“Some day you’ll realise you can’t do everything. You have to focus.”
My accountant was helping me sort out my taxes, and I wasn’t making it easy. I had a successful web agency, a small theatre company, a band preparing to tour, my second novel ready for publishing, an art show about to open, and an assortment of side projects – all creating a tangled mix of income and expenses.
My accountant wasn’t the first to scold me, and she won’t be the last. From the outside it’s hard to see that I already have settled down. Both my music and web design come directly out of my training in what the kids call ‘devised’ theatre. Instead of working from a stand-alone script and then learning to act the parts, an ensemble iterates on every aspect of the performance, collaborating from start to finish. It’s agile development for performance artists.
I learned the Adobe Suite in order to design show posters, construction tools for building sets, electrical wiring to run lights, and HTML/CSS to launch my first theatre website.
My band Teacup Gorilla and my web company OddBird are both continuations of that work: designing multimedia experiences based on experimentation and user feedback, using whatever tools and skills we have on the team, and learning new skills when they’re needed.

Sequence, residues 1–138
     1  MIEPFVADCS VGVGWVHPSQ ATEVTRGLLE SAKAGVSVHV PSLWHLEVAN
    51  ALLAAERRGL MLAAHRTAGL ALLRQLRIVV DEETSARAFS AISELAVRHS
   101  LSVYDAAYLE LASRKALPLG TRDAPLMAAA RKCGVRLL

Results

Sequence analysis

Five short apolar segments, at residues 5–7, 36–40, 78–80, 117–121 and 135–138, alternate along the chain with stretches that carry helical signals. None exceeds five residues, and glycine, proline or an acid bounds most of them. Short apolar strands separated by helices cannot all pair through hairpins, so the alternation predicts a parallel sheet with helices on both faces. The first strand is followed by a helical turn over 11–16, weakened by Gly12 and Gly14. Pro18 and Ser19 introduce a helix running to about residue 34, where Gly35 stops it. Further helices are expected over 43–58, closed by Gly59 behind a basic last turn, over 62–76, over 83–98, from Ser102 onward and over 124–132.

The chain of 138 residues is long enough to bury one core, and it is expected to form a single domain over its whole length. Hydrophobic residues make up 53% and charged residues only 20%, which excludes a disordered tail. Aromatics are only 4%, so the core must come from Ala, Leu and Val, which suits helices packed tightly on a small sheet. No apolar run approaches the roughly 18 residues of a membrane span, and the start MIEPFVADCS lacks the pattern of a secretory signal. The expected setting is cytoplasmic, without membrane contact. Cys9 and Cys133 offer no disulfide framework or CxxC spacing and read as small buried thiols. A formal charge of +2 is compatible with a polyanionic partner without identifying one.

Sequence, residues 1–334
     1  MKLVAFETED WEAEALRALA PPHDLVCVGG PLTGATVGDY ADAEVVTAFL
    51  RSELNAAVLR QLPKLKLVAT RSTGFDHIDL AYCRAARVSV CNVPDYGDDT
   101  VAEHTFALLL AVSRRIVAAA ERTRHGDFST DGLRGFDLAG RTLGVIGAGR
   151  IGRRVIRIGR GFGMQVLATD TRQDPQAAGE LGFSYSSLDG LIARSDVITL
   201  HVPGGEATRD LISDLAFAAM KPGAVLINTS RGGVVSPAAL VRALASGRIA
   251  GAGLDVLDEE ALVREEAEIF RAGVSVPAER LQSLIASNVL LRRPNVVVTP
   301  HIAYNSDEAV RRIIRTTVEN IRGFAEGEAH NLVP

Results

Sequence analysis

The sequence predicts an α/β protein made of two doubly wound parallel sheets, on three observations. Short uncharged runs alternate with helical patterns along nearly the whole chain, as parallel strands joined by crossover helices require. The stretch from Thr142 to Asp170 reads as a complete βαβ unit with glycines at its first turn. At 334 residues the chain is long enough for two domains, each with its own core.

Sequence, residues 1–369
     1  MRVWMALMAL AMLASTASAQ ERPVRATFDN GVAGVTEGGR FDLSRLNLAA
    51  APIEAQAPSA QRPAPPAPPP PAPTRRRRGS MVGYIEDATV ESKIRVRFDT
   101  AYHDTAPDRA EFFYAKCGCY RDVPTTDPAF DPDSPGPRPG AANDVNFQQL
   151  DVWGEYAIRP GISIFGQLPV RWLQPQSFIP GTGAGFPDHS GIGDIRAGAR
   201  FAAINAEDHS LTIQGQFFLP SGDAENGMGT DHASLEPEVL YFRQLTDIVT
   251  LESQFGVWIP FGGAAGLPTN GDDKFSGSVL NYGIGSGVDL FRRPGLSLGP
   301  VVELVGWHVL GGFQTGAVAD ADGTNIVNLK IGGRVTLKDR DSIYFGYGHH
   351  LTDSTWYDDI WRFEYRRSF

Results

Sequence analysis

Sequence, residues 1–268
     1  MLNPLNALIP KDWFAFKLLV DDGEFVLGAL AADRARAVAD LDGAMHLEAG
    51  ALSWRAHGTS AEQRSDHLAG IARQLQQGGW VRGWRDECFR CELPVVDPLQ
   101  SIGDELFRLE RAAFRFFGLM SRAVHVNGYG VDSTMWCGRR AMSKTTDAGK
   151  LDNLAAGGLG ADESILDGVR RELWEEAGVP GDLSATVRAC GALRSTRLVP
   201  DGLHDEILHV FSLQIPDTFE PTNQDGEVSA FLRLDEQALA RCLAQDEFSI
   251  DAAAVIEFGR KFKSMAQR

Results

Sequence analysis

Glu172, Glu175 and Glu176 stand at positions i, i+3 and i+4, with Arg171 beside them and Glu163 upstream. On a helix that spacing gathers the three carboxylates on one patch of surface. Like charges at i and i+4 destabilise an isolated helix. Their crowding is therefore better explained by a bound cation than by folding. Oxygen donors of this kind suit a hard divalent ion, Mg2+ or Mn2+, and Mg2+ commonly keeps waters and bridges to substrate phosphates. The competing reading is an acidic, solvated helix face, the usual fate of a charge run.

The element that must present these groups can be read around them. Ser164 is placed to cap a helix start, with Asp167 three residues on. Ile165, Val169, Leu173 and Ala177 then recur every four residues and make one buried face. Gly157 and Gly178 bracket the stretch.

When I have a team of musicians, we call it a band – and when my team is full of developers, we call it an agency. It’s all the same to me.
I never meant to be a graphic designer or web developer, but I learned the skills and people started offering me work. I feel very lucky to be where I am, and proud of the team we’ve built over the years.
Teacup Gorilla also developed organically – it was originally formed to underscore a devised performance. After the show was over the band stayed together, and we’re now a mix of spoken-word stories, subtle melodies, and raucous instrumental builds. It’s not a well-established genre, so we put a lot of work into testing and adjusting.
My main takeaway is the same in art and web development: trust your audience and yourself. Users are smart, and they are happy to think. Let them. My job isn’t to give them all the answers, but to invite them along for a ride and make it worth their time. The user isn’t always right, but they are always worth listening to.
Experience design is a collaboration.